On the other hand, if a majority rules that the E.P.A. has overstepped its authority, as in the past two years, the justices may simply end the good neighbor rule. Pollutants like ozone have a negative effect on those with asthma, and other respiratory conditions like bronchitis and emphysema. We may know more after Feb. 21.


Jack Fruchtman, who lives in Aquinnah, is preparing a fourth edition of his “The Supreme Court and Constitutional Law.”


  1. EPA with a relatively modest charter has become too powerful. It is now claiming unrestrained authority with regulations that have major negative consequences for the American economy with little or no accountability to Congress. It is about usurping the authority of Congress to make law. Whatever the EPA proclaims is within its orbit can be debated in Congress. It should be one of our top priorities to reassert Congress as the originator of laws and reestablish congressional accountability for regulations issued by federal agencies.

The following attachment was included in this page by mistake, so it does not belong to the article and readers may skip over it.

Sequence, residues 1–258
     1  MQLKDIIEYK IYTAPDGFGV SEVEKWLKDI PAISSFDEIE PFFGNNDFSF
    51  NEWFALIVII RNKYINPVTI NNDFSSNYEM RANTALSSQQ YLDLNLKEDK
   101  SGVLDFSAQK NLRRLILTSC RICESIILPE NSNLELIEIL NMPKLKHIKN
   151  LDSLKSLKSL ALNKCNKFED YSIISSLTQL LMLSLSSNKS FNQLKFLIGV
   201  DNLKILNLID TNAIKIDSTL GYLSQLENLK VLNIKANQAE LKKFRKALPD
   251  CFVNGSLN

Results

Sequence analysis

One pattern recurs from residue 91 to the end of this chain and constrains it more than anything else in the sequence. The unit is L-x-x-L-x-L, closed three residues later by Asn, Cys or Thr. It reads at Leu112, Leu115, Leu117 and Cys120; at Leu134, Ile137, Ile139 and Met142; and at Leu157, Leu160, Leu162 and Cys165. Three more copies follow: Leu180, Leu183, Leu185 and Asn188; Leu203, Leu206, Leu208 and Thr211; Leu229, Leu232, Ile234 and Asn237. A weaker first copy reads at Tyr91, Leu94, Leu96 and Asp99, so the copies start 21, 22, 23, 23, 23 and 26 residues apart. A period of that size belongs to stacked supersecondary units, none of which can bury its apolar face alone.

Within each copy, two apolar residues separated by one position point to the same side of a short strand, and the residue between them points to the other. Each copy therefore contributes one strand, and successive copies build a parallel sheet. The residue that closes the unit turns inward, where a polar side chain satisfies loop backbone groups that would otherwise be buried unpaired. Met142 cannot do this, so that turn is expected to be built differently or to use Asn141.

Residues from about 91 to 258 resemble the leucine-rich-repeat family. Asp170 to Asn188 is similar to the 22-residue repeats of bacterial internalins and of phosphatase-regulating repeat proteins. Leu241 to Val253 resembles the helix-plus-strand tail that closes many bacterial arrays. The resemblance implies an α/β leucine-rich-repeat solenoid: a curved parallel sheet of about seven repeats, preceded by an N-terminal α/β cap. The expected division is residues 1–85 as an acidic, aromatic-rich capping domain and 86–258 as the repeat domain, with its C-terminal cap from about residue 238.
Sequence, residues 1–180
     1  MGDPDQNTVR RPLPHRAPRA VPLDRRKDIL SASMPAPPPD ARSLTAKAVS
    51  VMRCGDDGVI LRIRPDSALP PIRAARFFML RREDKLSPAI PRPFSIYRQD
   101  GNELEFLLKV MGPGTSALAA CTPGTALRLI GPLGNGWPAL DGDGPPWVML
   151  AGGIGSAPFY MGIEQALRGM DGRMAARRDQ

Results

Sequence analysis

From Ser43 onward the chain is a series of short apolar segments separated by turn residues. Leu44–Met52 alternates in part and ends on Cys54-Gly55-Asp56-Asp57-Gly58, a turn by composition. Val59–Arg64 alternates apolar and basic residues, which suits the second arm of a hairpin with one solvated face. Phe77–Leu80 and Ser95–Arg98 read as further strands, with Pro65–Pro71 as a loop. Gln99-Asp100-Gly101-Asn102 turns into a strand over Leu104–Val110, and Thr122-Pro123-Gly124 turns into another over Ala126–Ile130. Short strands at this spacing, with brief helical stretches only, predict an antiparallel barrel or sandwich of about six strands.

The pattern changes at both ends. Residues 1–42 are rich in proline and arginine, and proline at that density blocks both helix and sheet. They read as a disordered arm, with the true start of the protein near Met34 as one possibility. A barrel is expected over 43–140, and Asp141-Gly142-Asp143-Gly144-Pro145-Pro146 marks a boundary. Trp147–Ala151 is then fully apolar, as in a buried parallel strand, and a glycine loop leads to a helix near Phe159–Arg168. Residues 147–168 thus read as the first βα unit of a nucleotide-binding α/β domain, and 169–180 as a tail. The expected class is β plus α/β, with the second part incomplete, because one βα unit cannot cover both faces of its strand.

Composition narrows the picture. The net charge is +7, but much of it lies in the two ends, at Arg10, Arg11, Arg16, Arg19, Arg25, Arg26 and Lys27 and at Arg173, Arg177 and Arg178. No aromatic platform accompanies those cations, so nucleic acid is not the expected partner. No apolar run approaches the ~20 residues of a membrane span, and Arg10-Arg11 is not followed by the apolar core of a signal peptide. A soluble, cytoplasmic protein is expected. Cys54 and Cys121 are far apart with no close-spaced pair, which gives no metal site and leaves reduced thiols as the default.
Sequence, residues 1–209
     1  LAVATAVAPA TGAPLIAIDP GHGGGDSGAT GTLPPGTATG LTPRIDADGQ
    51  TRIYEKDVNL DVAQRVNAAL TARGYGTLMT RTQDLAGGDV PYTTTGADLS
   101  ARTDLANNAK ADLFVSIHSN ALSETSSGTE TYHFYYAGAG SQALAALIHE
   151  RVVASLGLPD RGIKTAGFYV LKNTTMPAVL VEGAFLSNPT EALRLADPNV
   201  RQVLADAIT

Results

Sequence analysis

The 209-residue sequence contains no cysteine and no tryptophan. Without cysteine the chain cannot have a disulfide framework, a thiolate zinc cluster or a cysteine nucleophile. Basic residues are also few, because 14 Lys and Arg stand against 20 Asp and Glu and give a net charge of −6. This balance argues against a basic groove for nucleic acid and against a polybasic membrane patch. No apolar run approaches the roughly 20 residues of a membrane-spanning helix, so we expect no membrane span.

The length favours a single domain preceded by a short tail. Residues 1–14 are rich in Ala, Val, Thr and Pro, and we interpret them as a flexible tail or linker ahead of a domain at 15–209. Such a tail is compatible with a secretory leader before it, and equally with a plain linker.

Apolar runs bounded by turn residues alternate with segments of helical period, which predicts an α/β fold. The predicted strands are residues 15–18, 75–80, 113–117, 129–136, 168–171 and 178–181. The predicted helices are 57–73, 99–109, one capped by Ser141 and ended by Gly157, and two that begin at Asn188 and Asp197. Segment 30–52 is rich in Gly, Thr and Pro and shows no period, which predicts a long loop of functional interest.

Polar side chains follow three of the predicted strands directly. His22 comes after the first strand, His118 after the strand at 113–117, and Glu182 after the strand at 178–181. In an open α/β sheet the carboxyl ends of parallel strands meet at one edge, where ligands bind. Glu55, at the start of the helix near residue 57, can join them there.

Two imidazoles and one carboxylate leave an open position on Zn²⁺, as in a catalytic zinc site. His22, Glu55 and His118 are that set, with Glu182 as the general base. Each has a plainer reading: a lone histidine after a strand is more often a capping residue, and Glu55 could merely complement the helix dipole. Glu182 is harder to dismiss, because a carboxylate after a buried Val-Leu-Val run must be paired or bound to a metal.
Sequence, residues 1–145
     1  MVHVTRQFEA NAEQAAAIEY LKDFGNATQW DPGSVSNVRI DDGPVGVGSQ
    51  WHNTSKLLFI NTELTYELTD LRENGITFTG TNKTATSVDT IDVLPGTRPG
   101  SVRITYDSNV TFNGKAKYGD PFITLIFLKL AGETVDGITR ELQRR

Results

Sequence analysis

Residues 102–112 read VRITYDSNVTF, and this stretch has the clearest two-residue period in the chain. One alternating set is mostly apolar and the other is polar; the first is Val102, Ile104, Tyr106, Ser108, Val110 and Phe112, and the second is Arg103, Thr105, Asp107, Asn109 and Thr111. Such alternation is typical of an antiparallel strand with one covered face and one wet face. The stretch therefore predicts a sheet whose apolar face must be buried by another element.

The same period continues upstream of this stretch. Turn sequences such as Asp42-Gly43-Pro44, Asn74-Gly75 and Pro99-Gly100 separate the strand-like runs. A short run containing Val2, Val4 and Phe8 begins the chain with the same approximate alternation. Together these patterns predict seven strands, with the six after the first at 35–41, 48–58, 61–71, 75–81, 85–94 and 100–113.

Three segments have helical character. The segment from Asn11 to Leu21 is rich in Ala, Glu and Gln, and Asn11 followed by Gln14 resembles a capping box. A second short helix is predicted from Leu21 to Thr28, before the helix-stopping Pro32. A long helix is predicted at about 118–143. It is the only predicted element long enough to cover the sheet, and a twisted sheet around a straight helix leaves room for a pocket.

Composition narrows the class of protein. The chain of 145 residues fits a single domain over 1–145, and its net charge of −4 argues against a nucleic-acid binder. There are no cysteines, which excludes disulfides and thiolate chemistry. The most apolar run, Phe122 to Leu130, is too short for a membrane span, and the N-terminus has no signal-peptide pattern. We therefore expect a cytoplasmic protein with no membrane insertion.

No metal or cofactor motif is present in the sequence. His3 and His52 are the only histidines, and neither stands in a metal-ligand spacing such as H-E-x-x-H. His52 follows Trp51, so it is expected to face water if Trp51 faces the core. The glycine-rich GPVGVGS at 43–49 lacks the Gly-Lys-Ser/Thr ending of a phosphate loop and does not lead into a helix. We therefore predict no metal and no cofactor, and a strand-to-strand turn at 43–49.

• The Trump had four years to eviscerate the EPA.
      What happened?
      Was he a weak leader?
      Or was he just to focused on completing the Trump Wall .

  2. Andy— Have you ever heard of Toms River N.J ?
    Your buddies in the chemical industry dumped millions
    of gallons of highly toxic waste products into the sandy
    soil of N.J in the 60’s and 70’s before a relatively weak
    EPA started to regulate
    such egregious practices. The hundreds of childhood
    cancers and deaths that resulted from that practice
    are still ongoing to this day. And Just in case you are curious
    about it, many of those childhood cancers started in the womb.
    There is more to our society than profit for business.
    If it were up to you, most rivers in this country would
    occasionally catch on fire, and we wouldn’t be able to
    see the windmills through the smog.

  3. Was the EPA restrained from 2017 through 2021?
    Did the Republican Congress reestablish congressional accountability for regulations issued by federal agencies?
    Who has the leadership qualities to squash the EPA?
    Does he need four more years to get the job done?